Focus on IMF voting reforms

A DEAL by the International Monetary Fund (IMF) to increase the voting power and influence of developing countries is said to be almost in the bag, despite continuing stiff opposition from some of the Fund’s 184 members.  

The proposal will increase the votes of countries such as China, South Korea, Mexico and Turkey.  

But it also commits the Fund to a broader review of how it allocates voting power in future.  

The reforms are part of IMF’s plan to regain its credibility in the developing world, where it has been criticised for being overly influenced by the developed nations.  

These are the focus of the annual meetings in Singapore and have been described as “the most significant change in the Fund’s governance in the last 15 to 20 years.”  

Argentinian Minister of Economy and Production Felisa Miceli told reporters yesterday that although IMF members have up to tomorrow to vote on the package of reforms, “85% of the votes has been obtained.”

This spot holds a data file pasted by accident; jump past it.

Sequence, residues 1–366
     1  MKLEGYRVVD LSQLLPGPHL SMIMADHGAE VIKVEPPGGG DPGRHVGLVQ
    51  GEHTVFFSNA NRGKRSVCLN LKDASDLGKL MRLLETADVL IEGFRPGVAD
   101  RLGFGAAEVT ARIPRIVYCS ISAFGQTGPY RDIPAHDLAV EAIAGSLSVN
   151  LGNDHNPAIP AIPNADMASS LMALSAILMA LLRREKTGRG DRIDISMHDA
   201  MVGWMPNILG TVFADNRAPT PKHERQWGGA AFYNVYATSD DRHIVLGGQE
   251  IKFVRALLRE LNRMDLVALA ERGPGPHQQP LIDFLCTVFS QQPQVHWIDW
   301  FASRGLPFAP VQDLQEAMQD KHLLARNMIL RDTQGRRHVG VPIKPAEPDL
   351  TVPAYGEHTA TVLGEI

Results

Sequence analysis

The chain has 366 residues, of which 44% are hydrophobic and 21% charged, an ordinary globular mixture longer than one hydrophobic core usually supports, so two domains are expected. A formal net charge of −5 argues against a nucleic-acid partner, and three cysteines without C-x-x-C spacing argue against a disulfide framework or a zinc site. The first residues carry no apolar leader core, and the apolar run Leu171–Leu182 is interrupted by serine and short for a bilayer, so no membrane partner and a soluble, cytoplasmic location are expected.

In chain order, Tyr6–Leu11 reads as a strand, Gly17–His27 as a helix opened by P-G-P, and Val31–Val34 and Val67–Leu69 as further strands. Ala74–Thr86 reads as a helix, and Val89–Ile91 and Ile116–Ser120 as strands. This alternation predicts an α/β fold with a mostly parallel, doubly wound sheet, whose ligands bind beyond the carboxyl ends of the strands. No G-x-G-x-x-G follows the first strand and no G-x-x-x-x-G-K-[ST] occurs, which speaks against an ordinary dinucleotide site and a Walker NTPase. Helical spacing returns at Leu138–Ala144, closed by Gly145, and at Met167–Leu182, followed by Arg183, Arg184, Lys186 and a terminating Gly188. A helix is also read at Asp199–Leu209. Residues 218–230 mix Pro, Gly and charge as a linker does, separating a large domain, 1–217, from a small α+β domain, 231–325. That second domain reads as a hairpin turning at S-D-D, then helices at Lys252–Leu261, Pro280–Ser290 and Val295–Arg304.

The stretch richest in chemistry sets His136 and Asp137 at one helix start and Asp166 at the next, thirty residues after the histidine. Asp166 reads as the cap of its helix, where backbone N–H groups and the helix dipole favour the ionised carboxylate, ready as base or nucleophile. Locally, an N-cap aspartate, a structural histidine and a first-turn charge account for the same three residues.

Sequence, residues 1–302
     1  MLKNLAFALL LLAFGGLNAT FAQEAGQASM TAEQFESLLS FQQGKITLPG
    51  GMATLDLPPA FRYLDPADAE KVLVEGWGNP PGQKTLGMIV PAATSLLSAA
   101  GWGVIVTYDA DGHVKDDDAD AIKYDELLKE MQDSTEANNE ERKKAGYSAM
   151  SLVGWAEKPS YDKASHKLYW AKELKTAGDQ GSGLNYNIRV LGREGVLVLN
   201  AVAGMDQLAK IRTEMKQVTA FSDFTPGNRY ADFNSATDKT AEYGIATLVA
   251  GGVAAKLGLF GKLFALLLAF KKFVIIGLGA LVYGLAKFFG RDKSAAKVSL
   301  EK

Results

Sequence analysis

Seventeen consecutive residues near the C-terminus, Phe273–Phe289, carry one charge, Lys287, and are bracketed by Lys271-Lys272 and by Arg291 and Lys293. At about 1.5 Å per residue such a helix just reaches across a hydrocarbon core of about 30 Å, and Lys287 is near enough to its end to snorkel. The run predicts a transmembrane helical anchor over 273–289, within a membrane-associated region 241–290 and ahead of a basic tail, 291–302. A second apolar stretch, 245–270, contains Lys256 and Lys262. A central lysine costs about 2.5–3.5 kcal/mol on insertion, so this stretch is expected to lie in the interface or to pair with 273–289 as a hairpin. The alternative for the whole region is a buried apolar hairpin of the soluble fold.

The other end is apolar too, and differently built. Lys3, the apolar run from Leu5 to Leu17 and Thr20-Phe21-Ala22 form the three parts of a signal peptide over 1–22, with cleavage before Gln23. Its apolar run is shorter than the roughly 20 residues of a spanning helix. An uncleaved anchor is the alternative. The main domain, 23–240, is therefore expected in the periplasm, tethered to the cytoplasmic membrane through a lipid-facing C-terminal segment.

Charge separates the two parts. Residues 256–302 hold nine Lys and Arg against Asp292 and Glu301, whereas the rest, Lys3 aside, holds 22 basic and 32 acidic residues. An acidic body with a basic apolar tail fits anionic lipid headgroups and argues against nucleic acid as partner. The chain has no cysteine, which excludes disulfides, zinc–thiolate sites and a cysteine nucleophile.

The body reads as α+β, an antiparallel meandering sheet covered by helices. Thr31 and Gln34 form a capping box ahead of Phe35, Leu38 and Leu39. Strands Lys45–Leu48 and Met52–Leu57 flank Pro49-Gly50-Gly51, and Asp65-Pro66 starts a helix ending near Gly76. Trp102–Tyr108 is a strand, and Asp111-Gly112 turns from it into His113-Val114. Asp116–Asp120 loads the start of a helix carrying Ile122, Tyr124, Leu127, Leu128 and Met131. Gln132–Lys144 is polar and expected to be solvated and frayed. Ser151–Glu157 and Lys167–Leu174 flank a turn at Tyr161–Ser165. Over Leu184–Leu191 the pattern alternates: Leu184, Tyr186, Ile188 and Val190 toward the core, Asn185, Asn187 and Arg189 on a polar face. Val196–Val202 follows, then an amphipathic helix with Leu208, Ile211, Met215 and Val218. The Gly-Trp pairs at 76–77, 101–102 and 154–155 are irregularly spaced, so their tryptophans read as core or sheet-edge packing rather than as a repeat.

Since 85% is the magic number the IMF needs for major reforms to be approved, the changes are expected to be adopted tomorrow when the IMF’s board of governors meet.  

IMF members are given voting rights, called quotas, based on the size of their economies and reserves, as well as their openness to trade and capital flows.  

But while some developing economies, especially in Asia, have grown rapidly over the last few years, the Fund’s voting structure has not reflected this. The United States has effective veto power with 17% of the votes.  

Despite the apparent show of support, the proposed changes have been controversial.  

European finance officials on Saturday continued to oppose the US proposal that votes should be computed according to GDP, saying that the US would have the advantage.  

The Group of 24 developing countries from Africa, Latin America and Asia seemed divided on how they voted for the reforms.  

Argentina, Brazil, India and Egypt issued a joint statement yesterday saying that they opposed the reforms. They said the second stage of adjustments might not happen. – The Straits Times/ Asia News Network  

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